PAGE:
There are certain turning points in one’s life, and turning fifty was one of mine. I’m one of those people who love to give parties, and had given my husband quite a few surprise birthday parties over the years. And I was thinking, which was my first mistake, that he might give me a birthday party for my fiftieth, being such a landmark birthday. But he didn’t plan a party, or anything special. He asked me if there was anything I wanted to do for my birthday. Since we didn’t have much money, I said that I would love to just spend the day going for a drive in the hills, maybe take a picnic, and enjoy the beautiful scenery. But he didn’t have time. So we did nothing. He didn’t buy me a gift, or take me any place special, and he certainly didn’t throw me a surprise birthday party. No party at all. I cried for a week. I realized later that it wasn’t his fault I had such a rotten birthday. If I hadn’t had the expectations, I could never have been let down. But still, I was fifty. I wasn’t young and perky any more. At fifty, I was not only feeling old, I was feeling lonely, useless, and unfulfilled. No wonder I cried for a week! Two years later I got divorced and moved 120 miles away, back to my hometown where my parents and siblings were. Life took a new direction. Fifty plus is proving to be an interesting time of life. My kids are grown; I’m single and reinventing myself. I thought at first I was rediscovering myself, but then I realized the person I had been the first fifty years was no longer there. It was time to be someone better.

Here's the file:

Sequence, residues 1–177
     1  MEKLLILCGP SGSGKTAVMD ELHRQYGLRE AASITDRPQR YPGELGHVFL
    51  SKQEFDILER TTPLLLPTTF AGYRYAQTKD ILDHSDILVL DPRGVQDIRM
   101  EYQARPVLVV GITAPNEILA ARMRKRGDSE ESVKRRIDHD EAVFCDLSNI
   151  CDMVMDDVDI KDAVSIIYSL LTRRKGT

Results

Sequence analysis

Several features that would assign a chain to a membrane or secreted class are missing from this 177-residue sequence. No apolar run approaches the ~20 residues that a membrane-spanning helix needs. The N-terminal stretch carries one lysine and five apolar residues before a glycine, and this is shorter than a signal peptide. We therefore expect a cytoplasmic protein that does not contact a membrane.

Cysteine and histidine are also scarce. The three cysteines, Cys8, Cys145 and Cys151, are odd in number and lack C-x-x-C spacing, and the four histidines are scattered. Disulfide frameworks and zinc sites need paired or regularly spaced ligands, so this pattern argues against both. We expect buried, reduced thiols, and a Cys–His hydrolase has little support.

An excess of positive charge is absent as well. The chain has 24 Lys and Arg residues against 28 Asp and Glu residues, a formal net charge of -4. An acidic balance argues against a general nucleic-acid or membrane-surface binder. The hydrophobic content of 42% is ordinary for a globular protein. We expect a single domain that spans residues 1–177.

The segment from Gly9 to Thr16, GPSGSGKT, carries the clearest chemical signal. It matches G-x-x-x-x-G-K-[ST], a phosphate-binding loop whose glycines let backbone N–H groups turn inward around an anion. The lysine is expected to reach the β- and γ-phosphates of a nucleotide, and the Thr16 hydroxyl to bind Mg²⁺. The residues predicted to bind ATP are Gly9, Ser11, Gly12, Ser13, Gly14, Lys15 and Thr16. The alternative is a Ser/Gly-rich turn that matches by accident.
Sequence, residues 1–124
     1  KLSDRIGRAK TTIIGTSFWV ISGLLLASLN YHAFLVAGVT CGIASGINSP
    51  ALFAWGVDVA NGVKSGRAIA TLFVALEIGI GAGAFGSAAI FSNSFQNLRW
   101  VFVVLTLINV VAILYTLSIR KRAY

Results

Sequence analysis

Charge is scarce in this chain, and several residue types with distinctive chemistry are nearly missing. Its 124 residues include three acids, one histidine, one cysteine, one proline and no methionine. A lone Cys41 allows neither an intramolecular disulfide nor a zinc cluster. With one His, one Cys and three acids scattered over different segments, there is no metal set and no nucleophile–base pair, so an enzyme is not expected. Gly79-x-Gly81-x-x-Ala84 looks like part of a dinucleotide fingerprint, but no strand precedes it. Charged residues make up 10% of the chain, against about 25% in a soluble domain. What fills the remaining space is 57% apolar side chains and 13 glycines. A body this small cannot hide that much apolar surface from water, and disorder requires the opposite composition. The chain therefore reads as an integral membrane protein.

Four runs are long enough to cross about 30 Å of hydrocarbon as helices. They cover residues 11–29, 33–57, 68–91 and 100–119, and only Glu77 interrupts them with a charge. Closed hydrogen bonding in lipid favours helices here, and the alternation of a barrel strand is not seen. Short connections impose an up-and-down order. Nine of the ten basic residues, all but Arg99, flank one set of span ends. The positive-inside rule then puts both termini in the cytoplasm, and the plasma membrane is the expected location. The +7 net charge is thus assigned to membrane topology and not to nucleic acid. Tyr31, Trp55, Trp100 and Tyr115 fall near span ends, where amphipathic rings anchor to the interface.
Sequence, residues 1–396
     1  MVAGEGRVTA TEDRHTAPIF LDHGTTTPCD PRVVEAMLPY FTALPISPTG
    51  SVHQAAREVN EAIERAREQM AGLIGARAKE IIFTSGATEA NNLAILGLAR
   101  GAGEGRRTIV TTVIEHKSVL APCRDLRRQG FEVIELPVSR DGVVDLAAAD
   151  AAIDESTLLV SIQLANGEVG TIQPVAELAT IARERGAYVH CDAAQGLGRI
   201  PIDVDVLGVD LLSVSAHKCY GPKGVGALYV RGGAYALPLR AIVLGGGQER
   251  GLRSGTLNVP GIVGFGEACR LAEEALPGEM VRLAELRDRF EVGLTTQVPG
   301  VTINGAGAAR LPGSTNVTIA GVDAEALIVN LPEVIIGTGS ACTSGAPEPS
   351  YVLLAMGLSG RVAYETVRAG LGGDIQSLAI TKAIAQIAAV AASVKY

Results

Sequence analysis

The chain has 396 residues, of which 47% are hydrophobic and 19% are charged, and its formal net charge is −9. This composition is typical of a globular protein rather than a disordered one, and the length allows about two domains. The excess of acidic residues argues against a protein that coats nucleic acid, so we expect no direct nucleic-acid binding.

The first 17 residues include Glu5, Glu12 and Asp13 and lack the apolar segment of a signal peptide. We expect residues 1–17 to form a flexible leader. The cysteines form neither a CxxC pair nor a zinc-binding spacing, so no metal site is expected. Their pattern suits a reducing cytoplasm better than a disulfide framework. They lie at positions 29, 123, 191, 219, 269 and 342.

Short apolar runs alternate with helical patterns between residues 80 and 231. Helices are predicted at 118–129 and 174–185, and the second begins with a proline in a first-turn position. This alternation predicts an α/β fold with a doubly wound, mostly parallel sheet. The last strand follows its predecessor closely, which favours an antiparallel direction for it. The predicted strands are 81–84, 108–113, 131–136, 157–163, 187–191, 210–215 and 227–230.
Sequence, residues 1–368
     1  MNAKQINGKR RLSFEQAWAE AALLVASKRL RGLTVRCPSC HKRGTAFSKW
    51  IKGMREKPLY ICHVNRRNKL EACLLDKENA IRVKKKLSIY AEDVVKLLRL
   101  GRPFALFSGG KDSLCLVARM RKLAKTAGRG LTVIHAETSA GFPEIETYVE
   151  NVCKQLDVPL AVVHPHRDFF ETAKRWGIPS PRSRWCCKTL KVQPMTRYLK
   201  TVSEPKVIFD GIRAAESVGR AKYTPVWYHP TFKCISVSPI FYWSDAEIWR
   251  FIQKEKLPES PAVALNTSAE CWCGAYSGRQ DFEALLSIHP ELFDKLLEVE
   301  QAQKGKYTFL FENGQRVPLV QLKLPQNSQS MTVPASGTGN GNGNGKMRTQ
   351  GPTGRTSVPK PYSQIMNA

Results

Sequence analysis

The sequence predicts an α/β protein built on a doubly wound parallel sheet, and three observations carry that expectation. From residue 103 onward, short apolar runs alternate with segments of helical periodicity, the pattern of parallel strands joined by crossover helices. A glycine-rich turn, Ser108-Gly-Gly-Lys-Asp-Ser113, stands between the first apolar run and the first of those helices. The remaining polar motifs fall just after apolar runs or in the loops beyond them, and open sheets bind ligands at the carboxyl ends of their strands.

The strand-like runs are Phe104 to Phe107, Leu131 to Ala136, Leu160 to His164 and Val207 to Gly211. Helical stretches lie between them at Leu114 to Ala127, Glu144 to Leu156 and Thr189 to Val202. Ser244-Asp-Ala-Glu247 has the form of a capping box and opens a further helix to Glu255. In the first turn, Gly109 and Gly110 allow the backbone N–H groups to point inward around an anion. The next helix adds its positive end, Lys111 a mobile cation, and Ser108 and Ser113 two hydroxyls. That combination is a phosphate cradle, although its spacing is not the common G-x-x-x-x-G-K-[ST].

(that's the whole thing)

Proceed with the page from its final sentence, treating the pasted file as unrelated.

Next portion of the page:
Eclectic Idaho

I’m a native Idahoan.  Something you don’t find so much these days.  Although I have moved around the country, and even Europe, I have come back home to Idaho.  There’s no greener grass than at home!